Saturday, October 21, 2006
Desperate Housewife: Kate Winslet and Her Adult Cast Amaze as “Little Children”
Everyone remembers being a child. Life was so carefree and simple. You basically got to do whatever you wanted. Go to the playground to have fun with other kids. Sleeping time so you could get reenergized. But let’s not forget the bullying because let’s face it: children are children. And in Todd Field’s new film “Little Children” we learn that even adults can be children. Kate Winslet is Sarah, a young housewife with a young daughter. Sarah brings her daughter to the park every weekday to play with the other kids, even though she can’t stand the other annoying moms. And while the children are gleefully cavorting about, their mothers are acting even more childish than their offspring. We’re then introduced to the lone, attractive stay-at-home dad whom these desperate housewives refer to as the Prom King. He is really Brad (Patrick Wilson) who’s married to Kathy (Jennifer). They have a young son. And we get the feeling right away that perhaps Sarah and Brad will be doing some playing of their own.
Director Todd Field is an actor’s director. This is because he is an actor (Unfortunately, I really only know him as one of the storm chasers in “Twister”). His only other feature film is the Academy Award nominated “In the Bedroom,” where he displayed a brilliant knack for getting extremely good performances from his stars (Three of whom were Oscar nominated). He manages to again wring remarkable performances from everyone in “Little Children.” Winslet is simply suburb as a young suburban mother. There’s no hint whatsoever that she really has a British accent. Wilson also amazes. With every film he does he improves. He’s a far cry from the stageyness he displayed a few years back in the film version of “The Phantom of the Opera.” But of course that’s because he’s a Broadway veteran. And Connelly makes the best of her smaller role as Brad’s too busy wife, who just might be starting to suspect something.
A wry suburban satire, which was previously a novel written by “Election” scribe Tom Perrotta, (who also co-wrote the screenplay with Field) children focuses on Sarah and Brad and how they quickly and humorously form a public friendship because they both have young children. This quickly turns into a very private sexual relationship that they both really want but aren’t altogether prepared for. Sarah’s husband is a distant and rather cold man, who is a fan of Internet porn. Brad’s wife Kathy is an extremely busy documentary filmmaker. It’s a longing for something different and perhaps something better that brings these two people together. The film, which has the structure, look, and aura of a deep, tragic melodrama, is actually punctuated with extremely funny and well-placed humor. The humor isn’t as obvious or as present as in let’s say “American Beauty” but it fits the film extremely well. The voice over narration, which seemed odd at first, actually suits the movie (its read as if this were a child's bedtime story) and adds to the character’s underlying motivations.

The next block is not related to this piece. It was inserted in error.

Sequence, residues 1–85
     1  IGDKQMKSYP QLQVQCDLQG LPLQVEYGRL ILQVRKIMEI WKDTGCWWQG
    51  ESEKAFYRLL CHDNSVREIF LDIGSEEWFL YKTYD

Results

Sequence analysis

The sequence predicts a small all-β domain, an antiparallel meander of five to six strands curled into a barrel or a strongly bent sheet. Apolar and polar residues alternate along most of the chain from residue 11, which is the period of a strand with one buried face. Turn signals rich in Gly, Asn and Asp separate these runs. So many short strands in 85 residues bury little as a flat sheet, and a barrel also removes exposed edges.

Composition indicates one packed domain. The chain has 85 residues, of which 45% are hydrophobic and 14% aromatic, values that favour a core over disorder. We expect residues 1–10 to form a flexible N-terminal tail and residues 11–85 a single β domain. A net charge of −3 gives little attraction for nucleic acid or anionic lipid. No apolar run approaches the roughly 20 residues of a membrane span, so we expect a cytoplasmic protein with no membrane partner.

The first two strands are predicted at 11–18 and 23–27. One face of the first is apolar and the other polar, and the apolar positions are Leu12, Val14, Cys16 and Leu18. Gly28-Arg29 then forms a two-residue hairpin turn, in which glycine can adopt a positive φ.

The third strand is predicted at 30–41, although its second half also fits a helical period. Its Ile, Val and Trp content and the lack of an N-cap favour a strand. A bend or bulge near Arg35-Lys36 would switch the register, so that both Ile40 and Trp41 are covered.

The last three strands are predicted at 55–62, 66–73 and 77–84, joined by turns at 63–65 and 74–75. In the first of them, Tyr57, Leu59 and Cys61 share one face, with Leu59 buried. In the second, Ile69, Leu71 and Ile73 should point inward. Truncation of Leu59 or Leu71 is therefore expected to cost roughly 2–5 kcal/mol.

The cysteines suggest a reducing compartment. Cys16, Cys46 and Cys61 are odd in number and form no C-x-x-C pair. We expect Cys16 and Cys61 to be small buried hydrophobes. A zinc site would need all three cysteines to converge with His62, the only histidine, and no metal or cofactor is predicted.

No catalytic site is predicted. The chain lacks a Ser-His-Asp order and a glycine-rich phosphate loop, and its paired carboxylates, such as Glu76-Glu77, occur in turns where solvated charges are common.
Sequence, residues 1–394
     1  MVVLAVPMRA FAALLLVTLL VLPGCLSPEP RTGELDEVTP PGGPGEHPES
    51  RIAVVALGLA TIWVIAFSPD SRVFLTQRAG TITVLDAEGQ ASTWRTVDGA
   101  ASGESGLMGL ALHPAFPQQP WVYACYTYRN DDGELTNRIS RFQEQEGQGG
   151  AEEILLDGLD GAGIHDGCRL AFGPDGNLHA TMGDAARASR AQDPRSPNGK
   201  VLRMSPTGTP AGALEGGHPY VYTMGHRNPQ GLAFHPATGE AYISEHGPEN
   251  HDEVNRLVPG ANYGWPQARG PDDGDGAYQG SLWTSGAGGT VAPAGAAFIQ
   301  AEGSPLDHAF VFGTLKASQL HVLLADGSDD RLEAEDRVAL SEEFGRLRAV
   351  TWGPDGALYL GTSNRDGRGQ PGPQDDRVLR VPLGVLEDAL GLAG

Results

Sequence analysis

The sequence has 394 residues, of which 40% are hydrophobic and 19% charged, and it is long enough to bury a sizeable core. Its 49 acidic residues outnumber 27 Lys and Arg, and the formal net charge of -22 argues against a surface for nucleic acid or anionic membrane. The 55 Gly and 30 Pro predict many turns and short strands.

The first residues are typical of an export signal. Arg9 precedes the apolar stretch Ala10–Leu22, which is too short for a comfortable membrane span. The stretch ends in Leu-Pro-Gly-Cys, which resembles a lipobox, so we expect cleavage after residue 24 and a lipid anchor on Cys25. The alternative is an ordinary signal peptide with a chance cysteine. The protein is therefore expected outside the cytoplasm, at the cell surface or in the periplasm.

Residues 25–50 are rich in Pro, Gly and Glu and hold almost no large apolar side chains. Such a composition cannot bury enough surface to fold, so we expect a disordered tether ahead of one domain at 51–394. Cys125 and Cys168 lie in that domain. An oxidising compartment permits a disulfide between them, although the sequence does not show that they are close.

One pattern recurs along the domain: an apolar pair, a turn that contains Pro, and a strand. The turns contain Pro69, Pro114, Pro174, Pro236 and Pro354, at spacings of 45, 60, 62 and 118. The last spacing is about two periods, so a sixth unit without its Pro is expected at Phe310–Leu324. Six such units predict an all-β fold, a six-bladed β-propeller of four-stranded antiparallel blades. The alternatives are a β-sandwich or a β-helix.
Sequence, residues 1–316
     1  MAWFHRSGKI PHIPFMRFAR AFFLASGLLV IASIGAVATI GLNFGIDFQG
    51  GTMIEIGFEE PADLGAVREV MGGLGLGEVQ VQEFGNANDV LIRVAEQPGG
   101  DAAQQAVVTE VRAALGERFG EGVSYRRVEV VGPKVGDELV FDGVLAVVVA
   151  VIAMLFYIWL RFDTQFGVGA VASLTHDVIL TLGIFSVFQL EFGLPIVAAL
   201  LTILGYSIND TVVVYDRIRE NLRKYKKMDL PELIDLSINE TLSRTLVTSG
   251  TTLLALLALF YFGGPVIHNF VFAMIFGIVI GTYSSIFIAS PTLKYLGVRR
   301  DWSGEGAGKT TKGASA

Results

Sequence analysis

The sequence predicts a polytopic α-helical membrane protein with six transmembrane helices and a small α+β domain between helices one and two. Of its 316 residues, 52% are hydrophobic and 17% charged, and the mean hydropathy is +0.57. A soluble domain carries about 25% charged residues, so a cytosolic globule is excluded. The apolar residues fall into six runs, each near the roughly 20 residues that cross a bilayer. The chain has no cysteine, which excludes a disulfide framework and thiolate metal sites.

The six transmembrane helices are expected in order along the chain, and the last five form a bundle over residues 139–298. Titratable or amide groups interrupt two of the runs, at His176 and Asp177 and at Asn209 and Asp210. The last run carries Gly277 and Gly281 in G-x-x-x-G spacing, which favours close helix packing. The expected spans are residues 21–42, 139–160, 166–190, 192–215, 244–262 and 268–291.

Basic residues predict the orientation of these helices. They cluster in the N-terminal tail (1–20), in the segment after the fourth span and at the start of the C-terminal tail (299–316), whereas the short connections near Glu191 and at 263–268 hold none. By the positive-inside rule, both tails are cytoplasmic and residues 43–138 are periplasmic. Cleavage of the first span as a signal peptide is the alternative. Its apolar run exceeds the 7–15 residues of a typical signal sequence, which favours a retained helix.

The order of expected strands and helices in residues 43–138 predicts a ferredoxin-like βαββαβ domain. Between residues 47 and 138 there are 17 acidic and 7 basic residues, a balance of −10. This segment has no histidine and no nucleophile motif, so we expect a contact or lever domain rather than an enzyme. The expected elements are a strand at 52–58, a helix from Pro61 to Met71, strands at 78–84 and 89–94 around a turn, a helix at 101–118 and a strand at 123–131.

Put into the mix a subplot about Ronnie, a local sexual predator being released back into society played by the original Bad News Bears’ Jackie Earle Haley. It’s just simply amazing how the film approaches everything about this man who is treated as a full fledged human being (by the filmmaker, not the film’s characters) and fully realized character and how all the adults in the film treat him. It’s as if they are all bullies on the playground. A scene in which Ronnie shows up at the public pool is extremely funny and downright heartrending all at once. Then we have Brad’s ex-cop friend Larry (Noah Emmerich) who is the worst of all. He constantly appears on the man’s front lawn at odd hours of night with a bullhorn shouting to the neighbors about the pervert who should be locked up. It’s interesting how this storyline and Sarah and Brad’s all come to an end. Especially since the film is constantly building and building. And an ending that could have had a million possibilities makes the most sense.
This film is engaging, well made and extremely deep. It’s a film that can be analyzed to death yet extremely entertaining. Field brings an audacity to the film that just simply makes it sparkle. He never lets the humor break the emotional tension. And he never let’s the mature subject matter get in the way of the humor. The film has so much to say about how sometimes adults just never grow up and are sometimes less mature then their own kids. This is a film that turns the mundane suburban life into thoroughly enjoyable and worthwhile experience. GRADE: A